Nutmeg

Anybody use Nutmeg, specifically their stocks and shares isa? Been thinking about investing for the future and looking for some incites.

Use vanguard, fees a lot cheaper

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Yes I use them. If you’re looking for a more lean-back option where other people with more knowledge look after your portfolio, then I’d highly recommend them. You obviously pay for their expertise in fees but it’s very cheap.

I’ve been using them for 4 months now and I’m 9.7% (£111) up on where I started, so I’m very very happy.

Are there any benefits to a stocks and shares isa or would you suggest its better to use a different one?

The advantage to any S&S ISA over the Invest accounts is that it protects from any potential capital gains tax.

Nutmeg is fine if you aren’t interested in actually investing yourself and want to bung some cash in pick an option and check it now and then.

I’ve also tried Wealthify too, same concept.

If you want to actually be involved in picking specific stocks or ETFs (a collection of stocks) then there’s two main options that have raw spreads and low/no cost.

Freetrade and T212

I have both but I would strongly recommend T212 over Freetrade. If anyone wants a free share referral happy if any wants to PM or for advice on it.

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Yeah I’d be happy with advice on it. Its something I’m thinking about starting in the new tax year but have been thinking about for a while. We are not getting any younger so looking to safe guard the future as best as possible.

I have been using vanguard for my SIPP, the wifes SIPP and Kids JISA and have been adding £25-50 a month, with Vanguard and the FTSE Global All capped fund Accumulation, all roughly 30% up.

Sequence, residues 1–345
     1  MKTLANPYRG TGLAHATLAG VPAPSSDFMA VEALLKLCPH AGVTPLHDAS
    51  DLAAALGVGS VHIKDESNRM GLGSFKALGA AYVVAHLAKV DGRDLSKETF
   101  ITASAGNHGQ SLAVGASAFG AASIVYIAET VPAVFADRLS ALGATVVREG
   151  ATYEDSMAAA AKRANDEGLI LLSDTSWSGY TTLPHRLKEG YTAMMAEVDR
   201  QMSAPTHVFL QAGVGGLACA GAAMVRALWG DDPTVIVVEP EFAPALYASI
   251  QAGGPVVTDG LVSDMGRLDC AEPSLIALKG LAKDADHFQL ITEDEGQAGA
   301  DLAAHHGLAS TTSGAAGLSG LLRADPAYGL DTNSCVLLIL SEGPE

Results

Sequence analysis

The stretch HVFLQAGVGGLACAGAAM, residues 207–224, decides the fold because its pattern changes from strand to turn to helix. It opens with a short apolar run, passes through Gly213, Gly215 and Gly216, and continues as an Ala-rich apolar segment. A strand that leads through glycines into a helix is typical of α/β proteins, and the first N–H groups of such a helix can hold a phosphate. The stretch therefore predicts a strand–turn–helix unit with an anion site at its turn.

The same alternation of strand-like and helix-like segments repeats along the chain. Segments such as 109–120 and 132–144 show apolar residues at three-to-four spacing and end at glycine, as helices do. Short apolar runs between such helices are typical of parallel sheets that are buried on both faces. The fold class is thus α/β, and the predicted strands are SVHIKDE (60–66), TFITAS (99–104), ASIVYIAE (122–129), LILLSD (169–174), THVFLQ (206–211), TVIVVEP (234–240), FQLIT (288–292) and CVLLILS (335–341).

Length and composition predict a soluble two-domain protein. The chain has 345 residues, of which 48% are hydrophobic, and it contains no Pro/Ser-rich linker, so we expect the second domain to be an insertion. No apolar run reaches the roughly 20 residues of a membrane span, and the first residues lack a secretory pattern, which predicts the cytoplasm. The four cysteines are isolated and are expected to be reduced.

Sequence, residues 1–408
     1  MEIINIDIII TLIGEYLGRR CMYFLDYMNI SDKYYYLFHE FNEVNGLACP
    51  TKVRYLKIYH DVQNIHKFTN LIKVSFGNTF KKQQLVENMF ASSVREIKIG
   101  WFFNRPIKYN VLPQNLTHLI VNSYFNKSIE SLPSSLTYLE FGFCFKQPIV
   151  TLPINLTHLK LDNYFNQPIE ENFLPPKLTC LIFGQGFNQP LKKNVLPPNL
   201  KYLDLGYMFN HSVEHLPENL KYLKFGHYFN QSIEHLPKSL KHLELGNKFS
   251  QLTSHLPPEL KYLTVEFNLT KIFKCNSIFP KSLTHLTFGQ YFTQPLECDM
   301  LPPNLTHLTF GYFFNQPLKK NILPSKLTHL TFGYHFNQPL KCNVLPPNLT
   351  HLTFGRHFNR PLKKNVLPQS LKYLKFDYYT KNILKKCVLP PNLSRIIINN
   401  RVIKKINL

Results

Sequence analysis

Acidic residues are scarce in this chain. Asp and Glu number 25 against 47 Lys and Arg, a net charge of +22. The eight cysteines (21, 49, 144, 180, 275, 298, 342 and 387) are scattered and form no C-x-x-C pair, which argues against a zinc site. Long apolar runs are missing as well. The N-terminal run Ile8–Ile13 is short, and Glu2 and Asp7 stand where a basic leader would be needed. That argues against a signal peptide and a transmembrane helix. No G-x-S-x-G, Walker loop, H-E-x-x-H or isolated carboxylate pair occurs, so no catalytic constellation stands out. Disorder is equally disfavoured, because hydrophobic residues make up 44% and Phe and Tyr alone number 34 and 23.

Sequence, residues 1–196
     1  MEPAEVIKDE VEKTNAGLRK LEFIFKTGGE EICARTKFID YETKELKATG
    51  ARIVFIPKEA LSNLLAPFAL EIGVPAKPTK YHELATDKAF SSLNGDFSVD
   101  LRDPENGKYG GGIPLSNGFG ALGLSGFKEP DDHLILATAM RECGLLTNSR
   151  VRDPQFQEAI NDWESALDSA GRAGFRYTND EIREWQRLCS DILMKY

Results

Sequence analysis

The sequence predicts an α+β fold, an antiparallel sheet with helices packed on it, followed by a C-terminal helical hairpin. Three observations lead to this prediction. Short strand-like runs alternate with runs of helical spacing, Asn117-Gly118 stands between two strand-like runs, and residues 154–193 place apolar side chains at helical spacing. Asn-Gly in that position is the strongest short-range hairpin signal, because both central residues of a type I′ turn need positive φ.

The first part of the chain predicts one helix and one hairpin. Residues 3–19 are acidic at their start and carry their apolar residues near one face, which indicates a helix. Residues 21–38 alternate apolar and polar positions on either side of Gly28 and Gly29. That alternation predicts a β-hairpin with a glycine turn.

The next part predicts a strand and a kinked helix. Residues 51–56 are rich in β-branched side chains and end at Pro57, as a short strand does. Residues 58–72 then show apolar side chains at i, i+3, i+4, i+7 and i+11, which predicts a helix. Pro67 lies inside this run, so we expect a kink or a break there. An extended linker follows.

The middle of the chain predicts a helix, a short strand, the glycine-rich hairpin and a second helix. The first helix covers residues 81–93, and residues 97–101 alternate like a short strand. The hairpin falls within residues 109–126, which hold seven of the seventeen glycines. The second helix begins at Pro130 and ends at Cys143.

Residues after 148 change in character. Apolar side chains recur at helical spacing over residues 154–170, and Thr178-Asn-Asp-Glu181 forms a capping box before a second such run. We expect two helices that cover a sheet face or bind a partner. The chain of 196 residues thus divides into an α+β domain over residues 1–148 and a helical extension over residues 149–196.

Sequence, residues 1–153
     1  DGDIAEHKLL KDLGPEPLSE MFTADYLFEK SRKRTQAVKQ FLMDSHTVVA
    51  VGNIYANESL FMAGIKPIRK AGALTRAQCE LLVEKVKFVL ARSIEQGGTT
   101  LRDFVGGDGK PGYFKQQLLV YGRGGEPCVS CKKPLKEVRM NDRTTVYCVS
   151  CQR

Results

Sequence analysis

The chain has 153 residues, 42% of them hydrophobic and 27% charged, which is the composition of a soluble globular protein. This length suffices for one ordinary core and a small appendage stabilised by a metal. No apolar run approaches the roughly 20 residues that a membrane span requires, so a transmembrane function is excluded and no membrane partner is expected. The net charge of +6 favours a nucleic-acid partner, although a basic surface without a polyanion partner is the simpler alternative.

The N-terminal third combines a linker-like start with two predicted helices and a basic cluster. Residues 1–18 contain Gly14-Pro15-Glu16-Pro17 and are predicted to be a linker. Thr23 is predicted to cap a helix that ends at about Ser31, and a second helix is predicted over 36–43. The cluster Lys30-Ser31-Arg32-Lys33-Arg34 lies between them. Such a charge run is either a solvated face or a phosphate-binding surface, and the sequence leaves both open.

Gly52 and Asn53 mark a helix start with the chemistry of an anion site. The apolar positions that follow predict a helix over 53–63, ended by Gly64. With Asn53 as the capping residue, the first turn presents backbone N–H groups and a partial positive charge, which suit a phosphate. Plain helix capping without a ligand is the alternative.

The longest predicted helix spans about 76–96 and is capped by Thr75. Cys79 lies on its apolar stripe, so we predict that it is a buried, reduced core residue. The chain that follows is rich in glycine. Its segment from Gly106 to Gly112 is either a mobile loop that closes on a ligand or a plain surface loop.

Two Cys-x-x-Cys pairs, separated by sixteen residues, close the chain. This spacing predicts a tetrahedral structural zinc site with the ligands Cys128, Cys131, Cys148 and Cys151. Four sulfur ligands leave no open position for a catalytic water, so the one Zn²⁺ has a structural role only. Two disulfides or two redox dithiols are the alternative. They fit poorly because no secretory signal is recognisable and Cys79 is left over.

Paying about £24 a year on just my SIPP which around £25,000 and my SIPP will be going for a year feb/mar.

If you are thinking of using an ISA it’s worth mentioning you have up to £20k per tax year allocation. So if you open one today you’ll have that allocation until Jan-April 2021, if you wait until after April you’ll be eating into 2021-2022s allocation.

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I’ve been using Nutmeg for about 2 years now - I’m currently sat at about +14% average return, which I’m very happy with. There was a period in March/April/May last year when I went to -10% return, but I think that’s just a consequence of market volatility at the time.

As people have said above, there are possibly cheaper ways of investing, if you want more control over where your money goes, but I’m very much happy to pay for somebody else to do that for me

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Also worth mentioning that depending on what is the intention for your investment you might wanna look into Lifetime ISAs as you can get 25% government bonus. Basically if you wanna save money for retirement or a down payment on your first house and are under 40 check it out. Lifetime ISAs can be invested in stock and shares as well an Nutmeg offers that option.

I should mention I have a Lifetime ISA with them which I opened around November 2019 and am now about 8% up on the investment, which to be fair I think is about average outcome based on the market events of the year and would be achievable on your own. There is the added benefit of roboadvisors that they make you more unlikely to change the strategy based on current events and allow you to ride out the volatility. For example pulling your assets off the market after the spring crash would make you miss the growth afterwards.